This Saturday, Springbok fans are gearing up for what will more than likely be a bloodbath.
We may cling on gamely for 45, or 50, or 55 minutes, but in the end, the All Blacks will emerge comfortable winners and we’ll once again have to face the reality that we are only the seventh best team in the world.
New Zealand’s dominance has actually killed off much of the excitement of the Rugby Championship, because the rest of us are just scrapping for second, but rugby as a whole has far bigger problems.
Just 18 months ago, World Rugby announced an agreement intended to give clarity to the global calendar until 2032. Despite that agreement, fresh talks are set to be held in Sydney later this month, and there is much hard work ahead.
Just ask Agustín Pichot, the former Argentinian scrumhalf and now World Rugby’s vice-chairman. Here’s Stuff:
[He] has given a dire assessment of the sport, saying the international game is under threat and facing ruin if urgent action isn’t taken.
He wants unions and clubs to come up with another 10-year blueprint before next year’s World Cup in Japan, starting with a crucial meeting in Sydney later this month.
It seems hopes from a meeting 18 months ago that tried to sort out a global calendar through to 2032 have dimmed with Pichot [below] decalring fresh thinking is needed.
“If you ask me as a businessman, the business side of it is not working,” Pichot told The Guardian.
“If you ask me as the playing side, it’s not working. Is the international game under threat? I think it is. Look at the balance sheets of some nations and you can see exactly where we stand.”
Look at the balance sheets of the Western Province Rugby Football Union (WPRFU) if you really want to be depressed.
Anyway, back to the larger picture:
“By the 2019 World Cup we need to have a blueprint for the next 10 years. On a scale of one to 10, I think we’re four out of 10 now [in terms of finding a solution] but before we were not even on the chart. We need to push that needle from four to at least six or seven. I’m not going to be an accomplice to rugby’s ruin.”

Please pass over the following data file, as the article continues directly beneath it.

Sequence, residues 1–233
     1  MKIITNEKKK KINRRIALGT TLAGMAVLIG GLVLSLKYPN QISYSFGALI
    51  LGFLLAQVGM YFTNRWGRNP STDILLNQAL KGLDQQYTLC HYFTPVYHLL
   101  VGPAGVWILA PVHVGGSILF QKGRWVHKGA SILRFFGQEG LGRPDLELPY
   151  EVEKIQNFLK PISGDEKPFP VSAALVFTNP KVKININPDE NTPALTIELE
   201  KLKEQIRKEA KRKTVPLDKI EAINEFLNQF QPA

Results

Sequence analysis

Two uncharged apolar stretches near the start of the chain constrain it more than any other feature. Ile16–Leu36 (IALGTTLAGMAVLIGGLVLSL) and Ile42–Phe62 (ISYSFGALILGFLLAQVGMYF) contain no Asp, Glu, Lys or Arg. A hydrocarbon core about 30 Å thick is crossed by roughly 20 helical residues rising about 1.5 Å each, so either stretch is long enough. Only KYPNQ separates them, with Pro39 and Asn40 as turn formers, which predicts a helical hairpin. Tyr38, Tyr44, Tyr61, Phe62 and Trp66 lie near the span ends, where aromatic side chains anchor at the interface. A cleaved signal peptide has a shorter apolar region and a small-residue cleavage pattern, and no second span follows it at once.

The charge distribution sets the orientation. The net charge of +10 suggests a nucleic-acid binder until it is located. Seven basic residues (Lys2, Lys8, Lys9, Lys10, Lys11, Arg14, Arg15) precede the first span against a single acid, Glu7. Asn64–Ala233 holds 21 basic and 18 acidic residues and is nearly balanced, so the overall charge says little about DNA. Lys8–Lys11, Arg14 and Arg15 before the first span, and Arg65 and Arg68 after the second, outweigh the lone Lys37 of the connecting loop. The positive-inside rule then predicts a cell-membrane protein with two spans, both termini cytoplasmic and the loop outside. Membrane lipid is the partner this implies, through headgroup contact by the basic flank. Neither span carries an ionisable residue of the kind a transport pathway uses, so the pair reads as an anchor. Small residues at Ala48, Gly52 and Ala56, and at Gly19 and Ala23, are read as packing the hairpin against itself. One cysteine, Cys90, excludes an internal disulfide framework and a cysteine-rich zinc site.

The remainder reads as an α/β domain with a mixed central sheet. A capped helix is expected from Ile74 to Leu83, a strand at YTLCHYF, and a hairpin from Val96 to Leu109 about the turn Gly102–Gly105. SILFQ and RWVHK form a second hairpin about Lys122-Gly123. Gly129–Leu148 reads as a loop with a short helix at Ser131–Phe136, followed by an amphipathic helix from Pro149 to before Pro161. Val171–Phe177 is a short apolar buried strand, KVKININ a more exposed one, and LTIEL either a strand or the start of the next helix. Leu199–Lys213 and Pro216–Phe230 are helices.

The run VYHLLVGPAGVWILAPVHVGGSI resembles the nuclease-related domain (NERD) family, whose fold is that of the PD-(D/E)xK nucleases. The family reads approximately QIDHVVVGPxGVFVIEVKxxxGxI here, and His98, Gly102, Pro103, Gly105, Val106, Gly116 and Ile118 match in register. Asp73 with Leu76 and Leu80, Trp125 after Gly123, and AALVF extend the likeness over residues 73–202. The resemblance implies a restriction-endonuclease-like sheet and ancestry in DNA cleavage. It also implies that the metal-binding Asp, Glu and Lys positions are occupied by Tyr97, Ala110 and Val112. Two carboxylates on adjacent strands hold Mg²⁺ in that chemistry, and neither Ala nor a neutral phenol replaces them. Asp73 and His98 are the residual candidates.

Pichot, a strong advocate for the players, fears that they are the ones who will be hurting most.
“My view is that players cannot carry on playing as they are now. You cannot have them playing 30-odd competitive club and international games just because you want bums on seats”…
“I have been a professional player so I understand how it goes but you have to take care of the athlete. The first principle is the players’ welfare because they inspire everyone, both us now and the next generation. That is important for the growth of the game.”
Remember when Super Rugby used to be fun to watch, and the best teams advanced to the semi-finals? Those were the days. I wonder if the players feel the same way.
Sadly, and here’s where the real problem comes in, there are just too many egos in play:
Pichot said there was a need to regroup in Sydney and work out how wealthy club owners could align better with national bodies to ensure a proper calendar.
“The biggest problem – in business and in sport – is egos. I don’t have that problem,” he said.
If I didn’t like Pichot from his playing days, I might add that’s exactly what a person with a big ego would say.
As for this weekend? All we can do is hope that Malcolm Marx finds his jumpers, Pollard kicks his points, and the All Blacks have an off day and beat us by 20.
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